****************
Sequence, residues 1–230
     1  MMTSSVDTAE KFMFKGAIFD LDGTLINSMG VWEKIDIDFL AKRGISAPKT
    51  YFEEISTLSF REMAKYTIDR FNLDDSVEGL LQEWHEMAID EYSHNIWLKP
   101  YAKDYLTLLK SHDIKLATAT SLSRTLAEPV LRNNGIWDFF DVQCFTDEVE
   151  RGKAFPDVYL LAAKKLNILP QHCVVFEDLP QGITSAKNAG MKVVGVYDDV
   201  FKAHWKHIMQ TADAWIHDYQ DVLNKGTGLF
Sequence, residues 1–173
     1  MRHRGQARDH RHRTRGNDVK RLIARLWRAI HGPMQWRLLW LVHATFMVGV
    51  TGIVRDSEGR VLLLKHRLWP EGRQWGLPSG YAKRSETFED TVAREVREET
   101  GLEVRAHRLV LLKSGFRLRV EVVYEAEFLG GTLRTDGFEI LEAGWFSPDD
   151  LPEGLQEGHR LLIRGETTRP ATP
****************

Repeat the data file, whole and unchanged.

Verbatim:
Sequence, residues 1–230
     1  MMTSSVDTAE KFMFKGAIFD LDGTLINSMG VWEKIDIDFL AKRGISAPKT
    51  YFEEISTLSF REMAKYTIDR FNLDDSVEGL LQEWHEMAID EYSHNIWLKP
   101  YAKDYLTLLK SHDIKLATAT SLSRTLAEPV LRNNGIWDFF DVQCFTDEVE
   151  RGKAFPDVYL LAAKKLNILP QHCVVFEDLP QGITSAKNAG MKVVGVYDDV
   201  FKAHWKHIMQ TADAWIHDYQ DVLNKGTGLF
Sequence, residues 1–173
     1  MRHRGQARDH RHRTRGNDVK RLIARLWRAI HGPMQWRLLW LVHATFMVGV
    51  TGIVRDSEGR VLLLKHRLWP EGRQWGLPSG YAKRSETFED TVAREVREET
   101  GLEVRAHRLV LLKSGFRLRV EVVYEAEFLG GTLRTDGFEI LEAGWFSPDD
   151  LPEGLQEGHR LLIRGETTRP ATP